February 20, 1925.
Wilful contributory negligence good defense to wilful negligence of defendant.
Wilful and wanton negligence by plaintiff is a defense to an action for plaintiff's injuries caused by the wilful and wanton negligence of the defendant.
*Headnote 1. See Negligence, 29 Cyc. p. 509.
Action in the district court for Anoka county to recover $40,000 for injuries received when defendant's car struck plaintiff's automobile while it was stalled upon a crossing. The case was tried before Giddings, J., and a jury which returned a verdict in favor of defendant. From an order denying his motion for a new trial, plaintiff appealed. Affirmed.
Thomas D. Schall and John M. Rees, for appellant.
John P. Coleman and Will A. Blanchard, for respondent.
The record presents the abstract question, namely: Is wilful and wanton negligence by a plaintiff a defense to an action for plaintiff's injuries caused by the wilful and wanton negligence of the defendant?
The bill of exceptions does not contain the evidence. We must assume that the facts warranted the charge given. This case, however, must not be construed as an authority for the application of the doctrine we now announce to the facts as they in part appear in the record and briefs.
Contributory negligence bars an action based upon ordinary negligence. Contributory negligence has no application where defendant is guilty of wilful and wanton negligence. Such negligence incurs liability irrespective of contributory negligence.
Wilful and wanton negligence is a reckless disregard of the safety of the person or property of another by failing, after discovering the peril, to exercise ordinary care to prevent the impending injury. Anderson v. M. St. P. S.S.M. Ry. Co. 103 Minn. 224, 114 N.W. 1123, 14 L.R.A. (N.S.) 886; Anderson v. M. St. Ry. Co. 150 Minn. 509, 185 N.W. 661; Ashe v. M. St. P. S.S.M. Ry. Co. 138 Minn. 176, 164 N.W. 803; 8 Minn. L.R. 329; Pickering v. N.P. Ry. Co. 132 Minn. 205, 156 N.W. 3; Gill v. M. St. P.R. D.E.T. Co. 129 Minn. 142, 151 N.W. 896; Havel v. M. St. L.R. Co. 120 Minn. 195, 139 N.W. 137. One is liable for negligence only when such negligence is the proximate cause of the injury. When a defendant is charged with ordinary negligence contributory negligence is a good defense. Why? The answer is founded in proximate cause. In the absence of the doctrine of comparative negligence they are equally to blame. When two persons are equally at fault in producing the injury, the law leaves them where it finds them. Contributory negligence is not a defense to wanton and wilful negligence, for the very simple reason that the parties are not equally delinquent in the violation of duty. In such case the negligence of the defendant is the proximate cause of plaintiff's injury, while his negligence is no more than a remote cause.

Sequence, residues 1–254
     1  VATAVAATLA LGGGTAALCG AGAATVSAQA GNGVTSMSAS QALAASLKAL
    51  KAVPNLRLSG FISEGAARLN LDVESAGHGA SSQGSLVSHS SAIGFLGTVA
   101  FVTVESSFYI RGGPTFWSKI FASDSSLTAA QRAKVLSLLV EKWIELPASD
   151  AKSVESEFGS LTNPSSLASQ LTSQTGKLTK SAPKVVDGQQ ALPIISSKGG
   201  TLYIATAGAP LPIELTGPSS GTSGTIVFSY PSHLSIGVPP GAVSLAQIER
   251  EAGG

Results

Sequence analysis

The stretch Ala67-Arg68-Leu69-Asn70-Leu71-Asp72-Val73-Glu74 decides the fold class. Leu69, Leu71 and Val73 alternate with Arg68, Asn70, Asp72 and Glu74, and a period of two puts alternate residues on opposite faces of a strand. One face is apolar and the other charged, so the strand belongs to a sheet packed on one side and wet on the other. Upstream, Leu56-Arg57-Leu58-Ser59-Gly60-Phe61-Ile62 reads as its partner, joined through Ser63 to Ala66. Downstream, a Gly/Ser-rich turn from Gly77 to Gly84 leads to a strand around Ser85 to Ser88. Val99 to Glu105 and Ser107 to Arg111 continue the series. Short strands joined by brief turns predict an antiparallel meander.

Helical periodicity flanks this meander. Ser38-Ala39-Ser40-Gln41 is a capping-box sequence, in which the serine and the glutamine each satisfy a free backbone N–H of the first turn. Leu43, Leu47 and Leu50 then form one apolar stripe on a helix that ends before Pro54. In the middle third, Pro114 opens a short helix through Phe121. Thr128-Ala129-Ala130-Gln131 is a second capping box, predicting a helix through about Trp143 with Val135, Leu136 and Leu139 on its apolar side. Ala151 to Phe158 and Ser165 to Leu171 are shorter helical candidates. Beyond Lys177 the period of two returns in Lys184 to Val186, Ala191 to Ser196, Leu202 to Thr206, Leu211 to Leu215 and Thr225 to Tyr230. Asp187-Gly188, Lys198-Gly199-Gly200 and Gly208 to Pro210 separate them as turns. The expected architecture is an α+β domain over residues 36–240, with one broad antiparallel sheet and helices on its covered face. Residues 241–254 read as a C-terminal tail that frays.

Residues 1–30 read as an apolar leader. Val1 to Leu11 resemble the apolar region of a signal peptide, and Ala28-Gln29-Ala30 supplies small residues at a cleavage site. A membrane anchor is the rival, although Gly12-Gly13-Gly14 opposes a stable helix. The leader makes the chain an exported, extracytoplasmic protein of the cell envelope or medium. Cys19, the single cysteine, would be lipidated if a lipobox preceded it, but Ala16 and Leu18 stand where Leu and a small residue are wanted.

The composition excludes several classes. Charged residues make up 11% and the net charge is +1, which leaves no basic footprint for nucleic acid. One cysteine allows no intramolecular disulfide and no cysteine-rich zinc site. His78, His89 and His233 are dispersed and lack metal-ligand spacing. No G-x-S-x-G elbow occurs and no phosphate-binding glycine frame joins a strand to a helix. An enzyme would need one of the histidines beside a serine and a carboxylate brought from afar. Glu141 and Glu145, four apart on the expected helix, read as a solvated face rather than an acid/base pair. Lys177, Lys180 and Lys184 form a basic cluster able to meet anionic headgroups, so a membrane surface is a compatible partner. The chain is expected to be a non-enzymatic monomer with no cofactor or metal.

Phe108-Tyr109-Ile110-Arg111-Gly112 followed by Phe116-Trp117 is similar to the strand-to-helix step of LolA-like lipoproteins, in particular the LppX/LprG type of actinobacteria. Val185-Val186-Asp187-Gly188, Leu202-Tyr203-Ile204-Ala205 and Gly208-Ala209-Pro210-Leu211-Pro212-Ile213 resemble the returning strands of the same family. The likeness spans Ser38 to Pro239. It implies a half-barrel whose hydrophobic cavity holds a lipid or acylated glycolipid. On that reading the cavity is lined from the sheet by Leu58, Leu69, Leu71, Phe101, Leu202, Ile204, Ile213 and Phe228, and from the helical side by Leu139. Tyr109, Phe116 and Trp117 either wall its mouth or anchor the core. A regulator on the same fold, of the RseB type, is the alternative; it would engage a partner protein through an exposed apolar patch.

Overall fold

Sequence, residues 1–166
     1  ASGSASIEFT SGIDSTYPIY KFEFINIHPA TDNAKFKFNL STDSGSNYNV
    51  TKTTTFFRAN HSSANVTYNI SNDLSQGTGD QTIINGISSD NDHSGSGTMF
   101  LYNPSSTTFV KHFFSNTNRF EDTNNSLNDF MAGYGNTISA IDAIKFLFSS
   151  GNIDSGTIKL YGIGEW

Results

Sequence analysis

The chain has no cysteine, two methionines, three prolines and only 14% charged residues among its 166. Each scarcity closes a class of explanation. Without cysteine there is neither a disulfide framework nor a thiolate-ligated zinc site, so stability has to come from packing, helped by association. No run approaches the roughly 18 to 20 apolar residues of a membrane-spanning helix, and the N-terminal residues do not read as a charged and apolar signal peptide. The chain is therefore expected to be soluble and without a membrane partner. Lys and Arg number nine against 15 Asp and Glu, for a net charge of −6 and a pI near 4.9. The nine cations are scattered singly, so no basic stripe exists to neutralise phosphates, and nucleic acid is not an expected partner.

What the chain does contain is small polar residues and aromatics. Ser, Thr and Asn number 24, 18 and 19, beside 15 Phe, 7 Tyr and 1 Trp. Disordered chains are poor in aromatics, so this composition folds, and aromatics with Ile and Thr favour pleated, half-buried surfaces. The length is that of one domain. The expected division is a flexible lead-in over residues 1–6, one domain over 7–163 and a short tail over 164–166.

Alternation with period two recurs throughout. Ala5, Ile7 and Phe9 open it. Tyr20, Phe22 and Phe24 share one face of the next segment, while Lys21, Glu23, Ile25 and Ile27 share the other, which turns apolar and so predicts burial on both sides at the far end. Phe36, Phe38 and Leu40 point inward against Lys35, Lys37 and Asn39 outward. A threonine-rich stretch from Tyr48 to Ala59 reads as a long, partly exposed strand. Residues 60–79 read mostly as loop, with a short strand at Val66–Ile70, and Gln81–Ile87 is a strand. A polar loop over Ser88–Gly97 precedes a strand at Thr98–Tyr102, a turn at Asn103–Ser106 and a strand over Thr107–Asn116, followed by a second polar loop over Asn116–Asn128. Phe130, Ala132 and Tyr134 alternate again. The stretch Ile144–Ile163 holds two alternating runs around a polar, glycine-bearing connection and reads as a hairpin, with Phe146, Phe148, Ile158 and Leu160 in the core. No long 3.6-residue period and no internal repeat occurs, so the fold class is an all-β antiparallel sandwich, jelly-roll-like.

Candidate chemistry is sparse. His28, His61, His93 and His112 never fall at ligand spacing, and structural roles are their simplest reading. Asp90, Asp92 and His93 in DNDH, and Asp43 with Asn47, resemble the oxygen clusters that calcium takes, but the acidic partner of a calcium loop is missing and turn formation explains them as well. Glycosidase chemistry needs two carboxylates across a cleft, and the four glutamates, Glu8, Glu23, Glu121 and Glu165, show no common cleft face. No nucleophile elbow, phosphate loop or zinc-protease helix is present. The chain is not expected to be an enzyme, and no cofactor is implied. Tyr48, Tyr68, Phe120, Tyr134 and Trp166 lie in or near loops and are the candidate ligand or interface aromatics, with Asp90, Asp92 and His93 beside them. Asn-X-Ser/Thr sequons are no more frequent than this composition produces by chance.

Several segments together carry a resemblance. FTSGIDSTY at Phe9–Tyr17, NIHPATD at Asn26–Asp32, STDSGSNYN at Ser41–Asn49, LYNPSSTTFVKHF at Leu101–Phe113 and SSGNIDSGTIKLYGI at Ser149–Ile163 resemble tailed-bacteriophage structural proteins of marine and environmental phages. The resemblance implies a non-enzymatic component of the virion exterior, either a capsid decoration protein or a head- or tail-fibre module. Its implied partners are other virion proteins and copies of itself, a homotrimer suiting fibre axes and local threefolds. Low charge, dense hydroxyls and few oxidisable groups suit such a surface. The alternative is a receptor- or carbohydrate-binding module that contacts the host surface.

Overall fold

The theory of these variations of negligence leads to but one logical conclusion, and that is that the same basic reason which causes contributory negligence to prevent a recovery in an action sounding in ordinary negligence also prevents a recovery by one who is guilty of wilful and wanton negligence from a defendant because of wilful and wanton negligence. Such negligence is just as efficient to offset the defendant's negligence of the same character as contributory negligence offsets ordinary negligence. There can be no more comparative wantonness than there can be comparative negligence. When both parties are guilty of such negligence, neither can be selected as that which is the proximate cause and hence the law must leave both where it finds them. The conclusion is inevitable, even though its application be fraught with difficulties. We answer the inquiry in the affirmative.
There is some authority to the contrary. Central Ry. Co. v. Partridge, 136 Ala. 587.
There are some authorities that tend to support our conclusion. Spillers v. Griffin, 109 S.C. 78, 95 S.E. 133, L.R.A. 1918D, 1193; Holwerson v. St. L. Sub. Ry. Co. 157 Mo. 216, 57 S.W. 770, 50 L.R.A. 858; Redson v. Michigan Cent. R. Co. 120 Mich. 671, 79 N.W. 939; note to A.T. S.F.R. Co. v. Baker, 21 L.R.A. (N.S.) 440; Moore v. Lindell Ry. Co. 176 Mo. 528, 75 S.W. 672; 1 Thompson Neg. § 278; O. M. Ry. Co. v. Eaves, 42 Ill. 288.